The student media organization of California State University Northridge

Daily Sundial

The student media organization of California State University Northridge

Daily Sundial

The student media organization of California State University Northridge

Daily Sundial

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More work put into A.S. recycling program than some students realize

You probably have passed by them and subconsciously noticed them and moved on, not giving them a second thought. There are 37 recycling bins located around the campus and 15 bins around housing that students seldom look at twice.

The recycling program is a certified community service program that is often unappreciated and overlooked by students but is run by dedicated, hard-working people.

Recycling Coordinator Cindy Signett pioneered the recycling program, and said that she got involved in recycling because she wanted to make a difference.

Adrian De La Rosa, recycling field supervisor, said the program has become one of the best in California and credits Signett’s dedication and hard work for getting different people to work together and in doing so making the recycling program more efficient.

During this last fiscal year, the program has collected a total of 325,427 pounds of recyclable products like mixed office paper, pallets, cardboard boxes, bottles and cans, along with 18 cell phones, 321 inkjets, and 1,210 laser toner cartridges.

Signett said that the “recyclables go to various vendors who buy our recyclables. We are fortunate that all of our vendors transport our recyclables at no cost except for our cardboard, which is hauled by an independent hauler in 40 yard bins to our cardboard recycler.”

Signett said the program’s “funding comes from Associated Students as well as any revenue generated by the sale of the recyclables.

“Our program generates approximately $8,500 in revenue, depending on market value, which is used to offset our operating costs,” Signett said.

In addition to collecting and sorting through the recyclables, the program is involved in promoting awareness and waste prevention.

During the welcome back picnic earlier this semester, the recycling program gave away more than 4,200 coffee mugs in an effort to prevent the use of paper cups. As an incentive to prevent waste, the coffee mugs can be taken to various campus locations like the Freudian Sip and students will get 10 cents off their beverage purchase.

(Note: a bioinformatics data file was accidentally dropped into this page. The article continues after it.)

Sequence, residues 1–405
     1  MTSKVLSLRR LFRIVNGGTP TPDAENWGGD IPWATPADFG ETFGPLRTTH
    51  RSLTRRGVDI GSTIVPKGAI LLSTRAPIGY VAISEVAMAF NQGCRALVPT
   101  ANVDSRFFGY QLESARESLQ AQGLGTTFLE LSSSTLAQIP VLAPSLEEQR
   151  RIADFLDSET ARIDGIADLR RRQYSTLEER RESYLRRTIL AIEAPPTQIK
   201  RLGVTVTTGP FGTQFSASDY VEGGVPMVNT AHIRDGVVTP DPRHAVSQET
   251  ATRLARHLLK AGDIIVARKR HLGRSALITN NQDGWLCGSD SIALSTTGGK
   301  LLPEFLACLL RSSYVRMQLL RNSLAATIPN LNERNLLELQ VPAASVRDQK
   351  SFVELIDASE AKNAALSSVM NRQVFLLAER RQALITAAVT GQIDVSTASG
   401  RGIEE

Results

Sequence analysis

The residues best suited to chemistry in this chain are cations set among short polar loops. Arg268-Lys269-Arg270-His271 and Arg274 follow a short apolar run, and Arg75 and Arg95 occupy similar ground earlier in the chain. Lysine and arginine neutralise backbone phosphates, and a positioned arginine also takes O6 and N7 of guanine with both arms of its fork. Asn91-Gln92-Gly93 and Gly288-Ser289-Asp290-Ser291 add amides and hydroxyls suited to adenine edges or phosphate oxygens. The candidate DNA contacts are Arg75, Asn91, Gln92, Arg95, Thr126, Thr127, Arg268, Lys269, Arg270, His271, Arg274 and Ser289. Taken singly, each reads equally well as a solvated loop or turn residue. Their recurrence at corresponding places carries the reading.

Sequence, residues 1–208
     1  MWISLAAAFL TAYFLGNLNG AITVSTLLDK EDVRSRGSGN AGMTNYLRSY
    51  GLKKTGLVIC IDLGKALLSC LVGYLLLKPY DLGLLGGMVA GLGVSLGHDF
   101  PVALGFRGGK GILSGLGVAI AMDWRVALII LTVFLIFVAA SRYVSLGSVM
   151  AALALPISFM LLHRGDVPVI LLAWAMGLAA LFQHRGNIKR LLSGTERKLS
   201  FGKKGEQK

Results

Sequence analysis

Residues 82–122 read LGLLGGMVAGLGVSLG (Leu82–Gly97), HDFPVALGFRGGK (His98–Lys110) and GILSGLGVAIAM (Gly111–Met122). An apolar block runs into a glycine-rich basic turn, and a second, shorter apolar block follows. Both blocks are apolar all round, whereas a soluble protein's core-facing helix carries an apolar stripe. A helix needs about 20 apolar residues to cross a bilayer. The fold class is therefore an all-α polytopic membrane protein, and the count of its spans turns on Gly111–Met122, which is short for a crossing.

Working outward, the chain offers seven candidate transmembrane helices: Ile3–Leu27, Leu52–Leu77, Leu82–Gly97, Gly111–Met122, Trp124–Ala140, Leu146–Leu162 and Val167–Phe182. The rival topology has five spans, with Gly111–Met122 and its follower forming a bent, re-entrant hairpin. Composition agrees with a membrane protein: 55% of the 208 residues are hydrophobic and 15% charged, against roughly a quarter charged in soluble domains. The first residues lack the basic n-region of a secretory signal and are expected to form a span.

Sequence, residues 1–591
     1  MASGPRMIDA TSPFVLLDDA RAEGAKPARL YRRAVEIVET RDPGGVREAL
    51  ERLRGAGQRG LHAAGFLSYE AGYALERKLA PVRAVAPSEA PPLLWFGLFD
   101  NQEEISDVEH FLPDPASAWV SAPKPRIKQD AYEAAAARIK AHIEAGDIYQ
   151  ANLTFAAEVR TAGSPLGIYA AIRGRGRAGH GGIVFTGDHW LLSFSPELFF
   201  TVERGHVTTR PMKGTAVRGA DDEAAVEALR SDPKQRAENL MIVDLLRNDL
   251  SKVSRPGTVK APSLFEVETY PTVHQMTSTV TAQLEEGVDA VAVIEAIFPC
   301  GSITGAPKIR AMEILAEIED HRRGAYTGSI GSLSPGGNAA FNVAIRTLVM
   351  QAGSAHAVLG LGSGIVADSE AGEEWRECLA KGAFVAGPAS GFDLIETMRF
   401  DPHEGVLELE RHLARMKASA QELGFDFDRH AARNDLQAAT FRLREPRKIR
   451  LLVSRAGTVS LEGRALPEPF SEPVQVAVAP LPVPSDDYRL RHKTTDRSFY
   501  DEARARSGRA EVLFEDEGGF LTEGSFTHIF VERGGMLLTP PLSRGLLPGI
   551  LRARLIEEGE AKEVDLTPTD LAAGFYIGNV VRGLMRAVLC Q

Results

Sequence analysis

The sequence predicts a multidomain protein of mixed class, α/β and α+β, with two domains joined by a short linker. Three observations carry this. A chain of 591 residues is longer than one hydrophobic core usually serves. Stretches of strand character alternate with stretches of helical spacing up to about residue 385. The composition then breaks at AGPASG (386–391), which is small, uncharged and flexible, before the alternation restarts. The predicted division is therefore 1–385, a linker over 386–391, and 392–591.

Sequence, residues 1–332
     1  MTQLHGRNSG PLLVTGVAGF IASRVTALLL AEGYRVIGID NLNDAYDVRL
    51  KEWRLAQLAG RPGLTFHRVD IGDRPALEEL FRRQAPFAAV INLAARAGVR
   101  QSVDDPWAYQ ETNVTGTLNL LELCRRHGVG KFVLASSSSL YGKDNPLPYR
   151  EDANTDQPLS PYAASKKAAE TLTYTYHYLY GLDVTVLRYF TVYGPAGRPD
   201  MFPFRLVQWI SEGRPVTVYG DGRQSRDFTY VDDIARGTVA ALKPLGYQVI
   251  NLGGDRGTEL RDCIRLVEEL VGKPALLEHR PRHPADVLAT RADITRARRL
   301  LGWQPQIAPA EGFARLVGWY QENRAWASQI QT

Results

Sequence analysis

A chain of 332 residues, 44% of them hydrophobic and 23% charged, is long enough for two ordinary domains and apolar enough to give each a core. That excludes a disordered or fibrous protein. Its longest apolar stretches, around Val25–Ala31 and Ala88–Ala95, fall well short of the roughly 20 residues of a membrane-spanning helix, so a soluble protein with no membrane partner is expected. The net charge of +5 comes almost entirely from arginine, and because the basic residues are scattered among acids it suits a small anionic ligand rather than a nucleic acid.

Signett said that giving away the mugs was a way of putting into practice what they preach and giving back to the student what they pay in A.S. fees.

While they usually work behind the scenes and go unnoticed, the recycling program is also involved in events like Big Show and commencement.

During commencement alone, the recycling program collected 700 pounds of plastic bottles, De La Rosa said.

The program also collects campus construction and demolition debris, as well as green waste, such as grass, leaves and tree branches.

For a program that oversees quite a large operation, Signett said that this semester she has a total of six students on staff and added that volunteers are always welcomed.

“Please, we need volunteers. Even if it is just for an hour, every little bit helps,” De La Rosa said.

Vanessa Benitez, education assistant and former collections assistant, said she is currently working on putting together a street team and is also working with A.S. to possibly make the street team a campus club.

Benitez said she has 110 signups, but that out of those, only 10 percent will actually show up.

“You do get to do a lot of fun stuff and you meet cool people,” Benitez said. She explained that there are two sides to the recycling program: collections and awareness.

Benitez said that while some students might not be interested in the collection aspect of the program, they can help in the awareness side by volunteering to work the booths or passing out goodie bags and helping to educate people about recycling.

Beyond recycling, the program works on awareness and encouraging involvement. Signett said that for students to be more inclined to recycle, the process “has to be convenient.” She said that people are not going to hold on to their bottles until they find a recycling bin.

Both Signett and De La Rosa would like to add 10 more bins to the campus, and both agree that it will take time and money to make that happen.

Signett said that when shopping for recycling bins, they look for something that looks good and is durable.

She explained that there are different criteria that they look at. For example, each bin should have a trash can next to it, and service availability and foot patterns need to be considered as well.

Another problem that the program deals with is stealing. De La Rosa and Signett said that people come on campus and break into their recycling bins and steal their recyclables. They explained that while some of those people are just people that are down on their luck and maybe cannot work, there are others who are just looking to make a quick buck. For this reason, they do not disclose the location of their recycling center.

“People don’t know that we are here,” Signett said. “It’s very well hidden” and that is how they wish to keep it.

You can expect to see the recycling program members out on Nov. 15 for the America Recycles Day event that they are planning. They will be promoting recycling and buying recycled products. They will have pledge cards for people to sign, and will be giving out a minimum of 400 goodie bags as a thank you. The bags will consist of school items like notebooks and pencils made from recyclable products.

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